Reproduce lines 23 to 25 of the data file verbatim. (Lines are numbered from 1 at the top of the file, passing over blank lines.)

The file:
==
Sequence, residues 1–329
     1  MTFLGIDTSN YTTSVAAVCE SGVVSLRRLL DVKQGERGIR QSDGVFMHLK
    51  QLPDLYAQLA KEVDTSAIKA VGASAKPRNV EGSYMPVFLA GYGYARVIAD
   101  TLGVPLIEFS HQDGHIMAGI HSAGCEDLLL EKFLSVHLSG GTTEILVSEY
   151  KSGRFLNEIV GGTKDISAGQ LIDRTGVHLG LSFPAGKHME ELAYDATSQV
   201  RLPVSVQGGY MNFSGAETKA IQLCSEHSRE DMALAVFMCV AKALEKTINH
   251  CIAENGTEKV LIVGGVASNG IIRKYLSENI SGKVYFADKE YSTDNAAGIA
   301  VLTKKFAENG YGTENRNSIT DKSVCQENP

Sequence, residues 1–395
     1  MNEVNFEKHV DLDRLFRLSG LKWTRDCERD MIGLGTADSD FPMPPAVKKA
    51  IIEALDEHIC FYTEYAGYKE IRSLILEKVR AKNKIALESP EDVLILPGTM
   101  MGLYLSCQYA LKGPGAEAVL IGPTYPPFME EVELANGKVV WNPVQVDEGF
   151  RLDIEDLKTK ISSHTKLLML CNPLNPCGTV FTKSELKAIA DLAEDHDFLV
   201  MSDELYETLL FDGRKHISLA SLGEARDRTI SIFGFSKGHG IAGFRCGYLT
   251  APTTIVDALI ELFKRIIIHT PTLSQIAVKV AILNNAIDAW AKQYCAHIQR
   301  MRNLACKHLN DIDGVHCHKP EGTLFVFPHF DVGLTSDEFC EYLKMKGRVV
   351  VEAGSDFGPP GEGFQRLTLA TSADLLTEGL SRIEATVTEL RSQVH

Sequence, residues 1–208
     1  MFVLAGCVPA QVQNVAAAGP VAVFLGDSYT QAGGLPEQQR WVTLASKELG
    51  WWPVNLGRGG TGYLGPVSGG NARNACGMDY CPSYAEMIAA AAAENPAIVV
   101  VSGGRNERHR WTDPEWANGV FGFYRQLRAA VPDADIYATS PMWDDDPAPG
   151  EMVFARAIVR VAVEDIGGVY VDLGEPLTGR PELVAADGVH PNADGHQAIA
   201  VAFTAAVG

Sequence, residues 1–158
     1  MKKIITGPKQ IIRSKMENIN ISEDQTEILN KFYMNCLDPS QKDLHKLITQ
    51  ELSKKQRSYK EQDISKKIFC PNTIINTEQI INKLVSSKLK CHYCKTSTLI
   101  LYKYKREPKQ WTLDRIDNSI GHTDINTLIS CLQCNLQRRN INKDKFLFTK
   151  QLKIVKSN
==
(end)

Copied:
   201  VAFTAAVG

Sequence, residues 1–158
     1  MKKIITGPKQ IIRSKMENIN ISEDQTEILN KFYMNCLDPS QKDLHKLITQ